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education, Pandamonium Publishing House

No Money No Problem

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Industry Standards

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Here’s What We Don’t Want

August 24, 2021– We’ve listed what publishers want, but how about what they don’t want? It’s essential to have clarity, and we can’t have clarity without knowing the opposite. We only know what sadness is when we’ve experienced happiness, and we only know what health is when we’ve experienced sickness; the same goes for publishing; we need to focus on what publishers don’t want just as much as what they want to get the complete picture.

While many things will entice a publisher, let’s focus on query letters specifically and what publishers don’t want.

Do not put this in your query letter:

  1. Love. We don’t want to hear that your friends and family love your book, that your nieces and nephews loved it, or that your neighbours’ goddaughter’s dog thought it was terrific. Let us be the judge because it’s our job to be objective, and we know what the market demands. Your friends and family love you…we don’t. Publishing is a business, and the bottom line is if your book is saleable or not. We don’t publish books to lose money.
  2. Rejection. When querying a publisher, don’t put in how many times you’ve been rejected. This doesn’t make us feel sorry for you and is irrelevant. Plus, you might make us second guess ourselves if you’ve been rejected a million times and we want to publish your book after everyone else has passed on it. Rejection is a part of life, and a huge part of publishing, so get used to it and move on.
  3. Fame. I really hate this one, and I’m not even sure hate is a strong enough word. Despise, detest, loathe? Do NOT put in your query letter that you’re the next NY Times bestseller or insert famous author name here. It makes you sound like an arrogant, out-of-touch, idiot and I guarantee that the publisher will throw your query letter in the virtual trash. You may think that you’re the next James Patterson but never say it. A lion never has to tell us it’s a lion. Get what I mean? We’re the ones who decide whether your manuscript will see the light of day, so don’t anger us right off the bat with a ridiculous query that makes grand claims, ESPECIALLY if you can’t back it up. I’ll get queries like this now and then, and I purposely ask for the manuscript in full to see if the author is reaching. 99.9 percent of the time, they are, and that 0.1% that does make it never puts how amazing they are in their query letter.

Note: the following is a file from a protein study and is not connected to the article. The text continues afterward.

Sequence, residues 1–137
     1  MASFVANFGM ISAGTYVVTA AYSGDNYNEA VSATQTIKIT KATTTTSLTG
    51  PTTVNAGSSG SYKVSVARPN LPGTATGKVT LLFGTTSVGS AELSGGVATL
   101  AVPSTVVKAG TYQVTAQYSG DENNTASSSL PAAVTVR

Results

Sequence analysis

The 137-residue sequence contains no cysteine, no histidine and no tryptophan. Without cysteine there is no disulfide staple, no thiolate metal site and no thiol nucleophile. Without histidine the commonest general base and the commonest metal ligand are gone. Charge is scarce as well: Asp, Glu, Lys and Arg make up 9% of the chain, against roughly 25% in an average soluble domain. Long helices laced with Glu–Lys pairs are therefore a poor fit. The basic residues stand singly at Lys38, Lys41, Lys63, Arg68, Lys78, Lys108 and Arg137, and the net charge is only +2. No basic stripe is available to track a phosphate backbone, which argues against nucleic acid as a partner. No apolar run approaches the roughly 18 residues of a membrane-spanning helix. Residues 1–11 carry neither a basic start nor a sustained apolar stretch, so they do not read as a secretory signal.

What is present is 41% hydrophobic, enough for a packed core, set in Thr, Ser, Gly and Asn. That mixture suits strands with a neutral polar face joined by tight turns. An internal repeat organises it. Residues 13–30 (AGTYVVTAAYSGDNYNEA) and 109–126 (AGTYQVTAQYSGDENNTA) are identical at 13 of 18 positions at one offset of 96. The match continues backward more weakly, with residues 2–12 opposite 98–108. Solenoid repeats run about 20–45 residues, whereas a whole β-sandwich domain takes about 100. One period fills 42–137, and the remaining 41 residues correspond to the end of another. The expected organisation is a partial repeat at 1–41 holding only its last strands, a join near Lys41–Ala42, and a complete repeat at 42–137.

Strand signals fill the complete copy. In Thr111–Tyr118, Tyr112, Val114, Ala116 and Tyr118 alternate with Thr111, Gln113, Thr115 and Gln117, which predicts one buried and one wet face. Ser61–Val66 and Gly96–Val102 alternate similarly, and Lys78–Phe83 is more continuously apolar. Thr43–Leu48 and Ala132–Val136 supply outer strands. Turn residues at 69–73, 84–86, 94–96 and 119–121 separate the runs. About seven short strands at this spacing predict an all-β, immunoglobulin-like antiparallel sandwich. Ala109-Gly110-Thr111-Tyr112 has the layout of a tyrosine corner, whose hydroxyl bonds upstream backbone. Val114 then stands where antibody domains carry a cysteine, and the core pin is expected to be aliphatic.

We’re wrapping up what publishers want (and don’t want) over the next week, so stay tuned for more tips!

education, Pandamonium Publishing House

Sense of Subplots

August 23, 2021– Publishers want a lot of things from authors, and those things include a great manuscript, a positive author attitude, and an excellent work ethic. We’re almost done with our theme this month, which publishers want, but we still have more to cover, so let’s get to it!

A subplot is a side story that runs parallel to the main plot. There are three main types of subplots which are romantic, conflict, and expository. The subplot is always connected to the main story but never takes over. The purpose of the subplot is to strengthen the main story, character, and conflict.

Publishers want to see strong subplots (no more than two or three) that are timed and paced well to move the story forward. Here’s what you need to know:

  1. Growth. Subplots reveal additional, new, or fascinating information about the main character that lends to their growth as a person. The main character should transform from who they were at the beginning of the book to who they are at the end of the book. The subplot also gives depth to secondary characters who would otherwise be one-dimensional.